This time of great difficulty will strengthen our collective resolve

They know the state of the world is sub-par when it becomes necessary to invent a new word to describe what we are going through. For example, ten years ago, according to the Collins English Dictionary, we lived in omnishambles.

n omnishambles is “something that is completely and continuously shambolic” and was named Word of the Year by Collins in 2012.

As murky as that definition is, it still hasn’t been considered to have enough breadth to capture our current range of disasters.

To meet the challenge of 2022, the term “permacrisis” was coined.

It was nominated by Collins as this year’s most appropriate term to sum up “live through”. [a] Wartime, Inflation and Political Instability”.

“There wasn’t much to celebrate this year,” remarked Helen Newstead, language content consultant at Collins Dictionary, somewhat apologetically.

The late Conor Cruise O’Brien came up with a word that would be hard to beat when it comes to capturing things that can only exist in the spaces between the improbable and the impossible – that is, until you stumble across them and fall flat your face.

His word, of course, was GUBU. He first used it in 1982 to express what a speechless nation had felt about a series of unfortunate, deeply confusing events.

It was an acronym for “grotesque, unbelievable, bizarre and unprecedented,” words referring to the discovery and arrest of murder suspect Malcolm MacArthur.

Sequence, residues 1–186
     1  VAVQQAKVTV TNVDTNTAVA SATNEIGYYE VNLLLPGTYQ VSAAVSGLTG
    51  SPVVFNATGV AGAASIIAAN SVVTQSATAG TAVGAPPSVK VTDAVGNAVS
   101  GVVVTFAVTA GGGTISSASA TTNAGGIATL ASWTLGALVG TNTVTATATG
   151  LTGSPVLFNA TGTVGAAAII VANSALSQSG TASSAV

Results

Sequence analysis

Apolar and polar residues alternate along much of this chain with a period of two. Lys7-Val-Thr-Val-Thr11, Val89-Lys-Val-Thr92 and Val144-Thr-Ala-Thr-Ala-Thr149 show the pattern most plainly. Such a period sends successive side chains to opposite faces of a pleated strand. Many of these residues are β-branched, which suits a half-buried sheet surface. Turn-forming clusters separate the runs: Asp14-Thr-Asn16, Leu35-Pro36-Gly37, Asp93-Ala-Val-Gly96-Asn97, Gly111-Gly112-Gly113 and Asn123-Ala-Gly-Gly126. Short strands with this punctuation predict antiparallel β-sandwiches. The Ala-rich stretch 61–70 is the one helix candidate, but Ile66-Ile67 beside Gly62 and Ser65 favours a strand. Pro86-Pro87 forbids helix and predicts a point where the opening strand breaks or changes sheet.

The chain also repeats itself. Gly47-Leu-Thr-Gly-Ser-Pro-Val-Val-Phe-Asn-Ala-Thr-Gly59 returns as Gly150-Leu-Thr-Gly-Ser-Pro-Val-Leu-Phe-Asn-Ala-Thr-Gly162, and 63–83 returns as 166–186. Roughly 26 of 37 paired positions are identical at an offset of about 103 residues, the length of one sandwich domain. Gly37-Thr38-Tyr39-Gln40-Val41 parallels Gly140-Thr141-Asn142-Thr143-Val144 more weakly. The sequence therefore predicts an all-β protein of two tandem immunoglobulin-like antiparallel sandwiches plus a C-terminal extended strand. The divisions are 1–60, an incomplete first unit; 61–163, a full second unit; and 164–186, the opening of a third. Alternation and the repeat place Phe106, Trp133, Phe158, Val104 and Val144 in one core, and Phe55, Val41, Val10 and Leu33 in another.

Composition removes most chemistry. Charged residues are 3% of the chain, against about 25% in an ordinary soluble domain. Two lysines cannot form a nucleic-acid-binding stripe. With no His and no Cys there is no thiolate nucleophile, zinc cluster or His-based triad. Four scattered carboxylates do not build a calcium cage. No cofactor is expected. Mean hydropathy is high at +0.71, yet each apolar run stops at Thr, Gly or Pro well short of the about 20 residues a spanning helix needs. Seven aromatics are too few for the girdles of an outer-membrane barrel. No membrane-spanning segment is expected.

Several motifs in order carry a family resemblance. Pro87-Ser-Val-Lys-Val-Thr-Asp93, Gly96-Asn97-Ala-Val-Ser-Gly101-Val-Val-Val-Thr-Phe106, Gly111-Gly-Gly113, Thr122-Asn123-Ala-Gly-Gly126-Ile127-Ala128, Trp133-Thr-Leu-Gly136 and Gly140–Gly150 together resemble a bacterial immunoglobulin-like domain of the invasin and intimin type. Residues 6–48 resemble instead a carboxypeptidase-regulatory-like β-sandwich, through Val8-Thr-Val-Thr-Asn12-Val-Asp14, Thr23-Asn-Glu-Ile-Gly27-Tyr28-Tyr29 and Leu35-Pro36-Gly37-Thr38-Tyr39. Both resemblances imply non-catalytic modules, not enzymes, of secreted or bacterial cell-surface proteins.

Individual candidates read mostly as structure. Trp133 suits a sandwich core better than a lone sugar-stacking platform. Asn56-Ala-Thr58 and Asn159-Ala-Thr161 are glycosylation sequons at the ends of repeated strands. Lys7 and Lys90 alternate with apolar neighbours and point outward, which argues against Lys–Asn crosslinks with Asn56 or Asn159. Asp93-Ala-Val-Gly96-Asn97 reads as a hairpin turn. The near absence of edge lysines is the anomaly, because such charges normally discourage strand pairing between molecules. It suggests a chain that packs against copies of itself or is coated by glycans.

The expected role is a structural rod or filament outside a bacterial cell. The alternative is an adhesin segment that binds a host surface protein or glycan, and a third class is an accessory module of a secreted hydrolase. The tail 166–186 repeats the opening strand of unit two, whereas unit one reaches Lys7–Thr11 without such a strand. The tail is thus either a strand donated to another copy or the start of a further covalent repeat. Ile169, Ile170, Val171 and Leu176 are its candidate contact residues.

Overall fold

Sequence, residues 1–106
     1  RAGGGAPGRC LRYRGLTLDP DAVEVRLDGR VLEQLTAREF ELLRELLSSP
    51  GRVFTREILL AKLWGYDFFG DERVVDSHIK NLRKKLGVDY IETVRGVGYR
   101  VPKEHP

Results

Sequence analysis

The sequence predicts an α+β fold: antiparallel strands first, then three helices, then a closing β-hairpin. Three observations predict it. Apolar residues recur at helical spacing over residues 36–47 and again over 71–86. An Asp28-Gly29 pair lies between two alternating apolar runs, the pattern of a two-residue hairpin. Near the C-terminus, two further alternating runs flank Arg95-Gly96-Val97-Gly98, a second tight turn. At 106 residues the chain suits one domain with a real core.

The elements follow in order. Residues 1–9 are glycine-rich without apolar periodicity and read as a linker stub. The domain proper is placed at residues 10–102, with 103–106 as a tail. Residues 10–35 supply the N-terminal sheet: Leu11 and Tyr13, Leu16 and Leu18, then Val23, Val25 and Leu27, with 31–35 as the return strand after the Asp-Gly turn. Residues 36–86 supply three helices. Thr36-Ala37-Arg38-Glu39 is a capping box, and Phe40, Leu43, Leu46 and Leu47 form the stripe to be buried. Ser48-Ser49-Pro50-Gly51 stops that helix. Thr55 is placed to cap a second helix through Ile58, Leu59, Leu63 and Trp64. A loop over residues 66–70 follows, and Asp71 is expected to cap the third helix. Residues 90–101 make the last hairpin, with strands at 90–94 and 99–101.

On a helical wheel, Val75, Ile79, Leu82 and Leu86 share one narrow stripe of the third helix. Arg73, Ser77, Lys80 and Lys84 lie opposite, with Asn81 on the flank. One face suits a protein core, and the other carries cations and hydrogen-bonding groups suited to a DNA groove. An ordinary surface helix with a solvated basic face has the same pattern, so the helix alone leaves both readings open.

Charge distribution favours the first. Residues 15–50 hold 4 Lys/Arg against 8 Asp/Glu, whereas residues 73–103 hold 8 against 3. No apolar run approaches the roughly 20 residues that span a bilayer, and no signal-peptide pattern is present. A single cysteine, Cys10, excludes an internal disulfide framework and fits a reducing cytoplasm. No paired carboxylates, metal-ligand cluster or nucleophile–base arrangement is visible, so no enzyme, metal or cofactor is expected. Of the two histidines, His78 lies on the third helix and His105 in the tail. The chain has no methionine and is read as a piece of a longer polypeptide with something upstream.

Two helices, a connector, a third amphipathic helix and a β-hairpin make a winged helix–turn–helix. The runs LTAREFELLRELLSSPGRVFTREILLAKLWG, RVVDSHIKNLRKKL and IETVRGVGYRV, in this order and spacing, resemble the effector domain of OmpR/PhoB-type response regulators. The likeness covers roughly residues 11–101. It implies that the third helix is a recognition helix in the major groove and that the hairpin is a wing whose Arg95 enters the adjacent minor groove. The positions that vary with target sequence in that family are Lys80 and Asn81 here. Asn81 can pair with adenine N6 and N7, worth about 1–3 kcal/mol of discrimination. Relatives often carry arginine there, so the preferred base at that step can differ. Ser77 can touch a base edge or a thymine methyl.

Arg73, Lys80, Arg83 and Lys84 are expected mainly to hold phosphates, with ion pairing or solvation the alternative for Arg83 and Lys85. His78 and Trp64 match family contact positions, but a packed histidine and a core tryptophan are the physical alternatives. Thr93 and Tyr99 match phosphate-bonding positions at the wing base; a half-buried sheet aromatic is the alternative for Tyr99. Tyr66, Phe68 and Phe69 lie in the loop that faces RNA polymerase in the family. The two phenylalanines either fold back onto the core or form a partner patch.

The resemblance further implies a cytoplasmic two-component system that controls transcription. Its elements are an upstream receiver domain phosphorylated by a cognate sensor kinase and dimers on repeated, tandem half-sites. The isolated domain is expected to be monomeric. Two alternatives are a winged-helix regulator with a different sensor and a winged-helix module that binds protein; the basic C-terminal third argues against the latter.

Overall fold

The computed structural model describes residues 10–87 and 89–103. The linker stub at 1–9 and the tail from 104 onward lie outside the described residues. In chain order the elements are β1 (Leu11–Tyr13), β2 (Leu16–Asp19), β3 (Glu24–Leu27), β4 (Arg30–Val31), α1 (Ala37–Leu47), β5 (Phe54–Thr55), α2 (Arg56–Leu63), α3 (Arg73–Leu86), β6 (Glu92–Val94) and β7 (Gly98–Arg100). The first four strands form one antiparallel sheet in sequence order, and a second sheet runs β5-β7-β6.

Famed poet TS Eliot asked, “If you don’t outgrow your head, how do you know how tall you are?”

If we have gained any importance as a nation, it is because we have stood on the shoulders of those who have gone before us. They stood steadfast in difficult times, just like their predecessors.

Japanese author and philosopher Kenji Miyazawa advised, “We must embrace pain and burn it as fuel for our journey.”

His words of wisdom are unlikely to meet with much gratitude at this time, when pain abounds and affordable fuel is non-existent.

It is in the nature of the world and all that it causes that times of need come and go. They either break us or steel us so we can better prepare for the next lightning bolt.

To use another expression that in an era of austerity has become synonymous with going nowhere: “We are where we are”.

All in all, it’s no surprise that we might be feeling a little crazy.

If that’s how you feel on this cold and dark November day, remember that even the biggest oak tree was once a small nut to hold its own.

Eventually the temperature will rise, the dark will give way to the light. This too shall pass. This time of great difficulty will strengthen our collective resolve

Fry Electronics Team

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